The first Museo del Gioiello in Italy opened its doors on Christmas Eve 2014 in Vicenza. It is housed in the Basilica Palladiana and its premises used to be a goldsmith’s studio as far back as the 13th century. The museum holds over 400 exquisite adornments arranged in nine rooms dedicated to the themes of Symbol, Magic, Function, Beauty, Fashion, Art, Design, Future and Icons. The exposition includes pieces made 24 centuries apart – from Etruscan gold and glass jewellery to ultra modern plastic and gold pieces. All possible trends in jewellery making in between are represented. My favourite room is Beauty with its stunning selection of necklaces able to make you feel like million dollars. The ticket for the museum is only 6 euros, so spend at least an hour admiring the different jewels on display there. The exposition will be changed every two years plus temporary jewellery exhibitions are also being organised, so this is the perfect excuse to keep going back.

3. Home Of The World’s First Travel Blogger

The facade of Antonio Pigafetta's house in Vicenza, Italy

You may have never heard his name before, but Antonio Pigaffeta from Vicenza was the world’s first travel blogger. Born in a rich family of Vicenza, he circumnavigated the world from 1519 to 1522. He was Magellan’s assistant and served as a diarist on the historical first journey around the Earth. In the three years that the voyage lasted, he took countless notes, jotted down facts and observations and drew maps and sketches of the visited places, their geography, flora, fauna and their people. He even described Magellan’s death and was one of the only 18 people who completed the circumnavigation out of the 240 who had set out to make it happen. Upon his return to Italy Pigafetta published a book ‘Report on the First Voyage Around the World’ based on his diaries. His house can still be seen in Vicenza. Its facade is staggering and on both sides of the front door there is a sign carved in the stone walls which states in French: ‘There is no rose without a thorn’.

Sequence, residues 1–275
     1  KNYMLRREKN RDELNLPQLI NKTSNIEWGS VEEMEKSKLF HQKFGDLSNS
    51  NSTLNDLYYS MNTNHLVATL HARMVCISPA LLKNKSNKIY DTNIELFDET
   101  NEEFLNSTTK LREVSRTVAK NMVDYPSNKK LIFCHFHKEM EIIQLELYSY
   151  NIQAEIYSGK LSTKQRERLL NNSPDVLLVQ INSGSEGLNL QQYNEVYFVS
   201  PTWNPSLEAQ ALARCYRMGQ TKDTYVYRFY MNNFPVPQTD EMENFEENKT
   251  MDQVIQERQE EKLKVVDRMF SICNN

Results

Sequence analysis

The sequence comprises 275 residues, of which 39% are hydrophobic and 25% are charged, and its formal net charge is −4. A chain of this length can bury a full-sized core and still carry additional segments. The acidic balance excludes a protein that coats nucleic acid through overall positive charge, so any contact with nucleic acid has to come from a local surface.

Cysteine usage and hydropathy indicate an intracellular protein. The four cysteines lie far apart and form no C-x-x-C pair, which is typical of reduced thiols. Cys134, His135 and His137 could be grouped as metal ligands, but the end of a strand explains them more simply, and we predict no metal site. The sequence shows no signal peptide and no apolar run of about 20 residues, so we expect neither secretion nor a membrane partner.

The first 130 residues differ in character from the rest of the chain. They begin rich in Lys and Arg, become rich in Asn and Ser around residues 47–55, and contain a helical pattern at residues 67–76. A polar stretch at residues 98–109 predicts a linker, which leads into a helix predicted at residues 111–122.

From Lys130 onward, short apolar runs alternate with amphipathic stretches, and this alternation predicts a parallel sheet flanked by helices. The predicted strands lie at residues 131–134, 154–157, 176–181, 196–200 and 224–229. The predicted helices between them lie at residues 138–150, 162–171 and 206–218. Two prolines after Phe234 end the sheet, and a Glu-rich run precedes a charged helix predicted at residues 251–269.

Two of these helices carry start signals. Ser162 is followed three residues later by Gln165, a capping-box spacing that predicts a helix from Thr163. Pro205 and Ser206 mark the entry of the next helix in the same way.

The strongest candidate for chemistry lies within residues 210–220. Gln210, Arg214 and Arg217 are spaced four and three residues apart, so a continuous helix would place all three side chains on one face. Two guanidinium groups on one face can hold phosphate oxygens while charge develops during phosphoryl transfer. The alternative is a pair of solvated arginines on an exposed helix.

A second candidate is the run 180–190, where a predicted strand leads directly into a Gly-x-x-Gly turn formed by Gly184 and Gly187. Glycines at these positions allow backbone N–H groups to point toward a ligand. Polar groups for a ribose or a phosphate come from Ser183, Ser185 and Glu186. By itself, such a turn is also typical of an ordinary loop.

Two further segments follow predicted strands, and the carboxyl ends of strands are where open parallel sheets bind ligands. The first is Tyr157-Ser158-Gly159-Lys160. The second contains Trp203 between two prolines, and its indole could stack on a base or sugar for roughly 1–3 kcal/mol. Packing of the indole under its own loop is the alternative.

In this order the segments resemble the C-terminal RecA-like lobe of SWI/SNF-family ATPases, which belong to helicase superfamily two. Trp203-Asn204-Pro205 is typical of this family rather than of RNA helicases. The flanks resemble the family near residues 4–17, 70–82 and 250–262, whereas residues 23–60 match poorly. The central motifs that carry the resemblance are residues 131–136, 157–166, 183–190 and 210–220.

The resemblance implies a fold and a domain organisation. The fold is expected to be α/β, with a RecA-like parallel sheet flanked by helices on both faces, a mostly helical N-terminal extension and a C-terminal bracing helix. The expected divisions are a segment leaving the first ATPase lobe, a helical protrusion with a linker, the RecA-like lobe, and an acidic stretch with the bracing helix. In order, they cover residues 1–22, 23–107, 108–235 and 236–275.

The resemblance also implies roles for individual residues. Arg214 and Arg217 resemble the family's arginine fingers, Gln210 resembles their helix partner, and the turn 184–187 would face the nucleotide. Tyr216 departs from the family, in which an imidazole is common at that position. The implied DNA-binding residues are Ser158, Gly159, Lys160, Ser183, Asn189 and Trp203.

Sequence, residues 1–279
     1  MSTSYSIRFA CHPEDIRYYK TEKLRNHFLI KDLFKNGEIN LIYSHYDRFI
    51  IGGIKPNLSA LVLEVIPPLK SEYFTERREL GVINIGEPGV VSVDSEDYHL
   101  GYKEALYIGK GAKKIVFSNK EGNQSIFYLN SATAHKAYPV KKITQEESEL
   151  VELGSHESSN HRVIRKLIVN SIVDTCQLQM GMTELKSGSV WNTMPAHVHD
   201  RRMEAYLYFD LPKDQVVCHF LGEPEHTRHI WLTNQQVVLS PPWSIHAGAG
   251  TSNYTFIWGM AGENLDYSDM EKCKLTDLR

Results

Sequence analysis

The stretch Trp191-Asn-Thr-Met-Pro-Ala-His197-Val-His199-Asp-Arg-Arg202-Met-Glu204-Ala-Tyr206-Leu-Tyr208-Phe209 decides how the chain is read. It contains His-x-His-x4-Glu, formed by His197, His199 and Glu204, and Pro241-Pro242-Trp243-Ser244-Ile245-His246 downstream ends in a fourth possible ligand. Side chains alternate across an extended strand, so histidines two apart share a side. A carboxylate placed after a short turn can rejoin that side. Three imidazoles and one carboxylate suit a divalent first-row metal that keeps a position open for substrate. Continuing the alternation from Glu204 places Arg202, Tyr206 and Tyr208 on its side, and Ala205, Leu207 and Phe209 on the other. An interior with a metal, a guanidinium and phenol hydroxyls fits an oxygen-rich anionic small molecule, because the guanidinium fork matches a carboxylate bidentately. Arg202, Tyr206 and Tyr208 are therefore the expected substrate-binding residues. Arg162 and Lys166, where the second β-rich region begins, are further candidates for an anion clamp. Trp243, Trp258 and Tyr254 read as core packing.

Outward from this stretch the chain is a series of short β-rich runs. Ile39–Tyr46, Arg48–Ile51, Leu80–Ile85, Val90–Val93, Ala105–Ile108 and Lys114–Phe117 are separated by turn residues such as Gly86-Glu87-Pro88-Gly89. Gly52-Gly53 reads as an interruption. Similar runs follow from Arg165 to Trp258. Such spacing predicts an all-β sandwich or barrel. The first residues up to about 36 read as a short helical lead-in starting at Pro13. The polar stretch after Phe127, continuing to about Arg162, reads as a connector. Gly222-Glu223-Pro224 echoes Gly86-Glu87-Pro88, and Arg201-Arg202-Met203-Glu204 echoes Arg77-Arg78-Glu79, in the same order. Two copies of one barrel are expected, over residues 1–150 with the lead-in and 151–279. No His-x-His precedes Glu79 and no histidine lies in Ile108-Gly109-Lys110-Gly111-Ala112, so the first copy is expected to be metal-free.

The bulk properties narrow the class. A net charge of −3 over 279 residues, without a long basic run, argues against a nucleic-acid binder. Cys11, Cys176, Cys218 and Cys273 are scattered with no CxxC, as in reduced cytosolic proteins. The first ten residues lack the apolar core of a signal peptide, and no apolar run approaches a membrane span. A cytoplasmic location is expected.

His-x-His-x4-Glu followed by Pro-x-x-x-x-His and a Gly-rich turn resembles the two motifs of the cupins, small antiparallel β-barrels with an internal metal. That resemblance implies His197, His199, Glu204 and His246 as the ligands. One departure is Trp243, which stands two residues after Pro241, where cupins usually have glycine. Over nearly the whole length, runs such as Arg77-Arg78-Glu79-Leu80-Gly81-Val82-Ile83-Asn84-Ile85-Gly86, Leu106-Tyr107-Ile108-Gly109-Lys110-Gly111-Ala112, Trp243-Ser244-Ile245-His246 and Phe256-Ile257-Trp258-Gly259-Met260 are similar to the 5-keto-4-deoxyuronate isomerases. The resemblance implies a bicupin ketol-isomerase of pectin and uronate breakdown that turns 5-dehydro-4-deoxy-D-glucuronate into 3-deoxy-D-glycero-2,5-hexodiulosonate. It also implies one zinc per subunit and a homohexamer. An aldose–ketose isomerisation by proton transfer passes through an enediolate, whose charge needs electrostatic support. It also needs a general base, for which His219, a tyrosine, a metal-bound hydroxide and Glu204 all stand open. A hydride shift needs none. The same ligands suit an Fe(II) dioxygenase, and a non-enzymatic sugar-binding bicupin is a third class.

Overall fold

4. Fabulous Markets, Shows and Events

Potted plants at the Flower Exhibition at Piazza dei Signori in Vicenza, Italy

Vicenza can have this deceptively sleepy appearance, when in fact it plays host to many exciting events all through the year. Just this past week-end a huge floriculture market show took over the main square Piazza dei Signori. Twice a week the market comes to town and turns the historical centre into a lively hub of merchandise and people. Once a month a huge antiques market spills down the main streets of Vicenza. Not to mention the myriad of concerts, theatre shows and exhibitions, the most important of which at the moment showcases originals by Caravaggio, Van Gogh, Titian, El Greco and many other world-renowned artists in Palladio’s Basilica. My favourite event in Vicenza so far was the living Nativity scene which I can only describe as my best Italian Christmas experience.

5. A Green Oasis Teeming With Bunnies and Roosters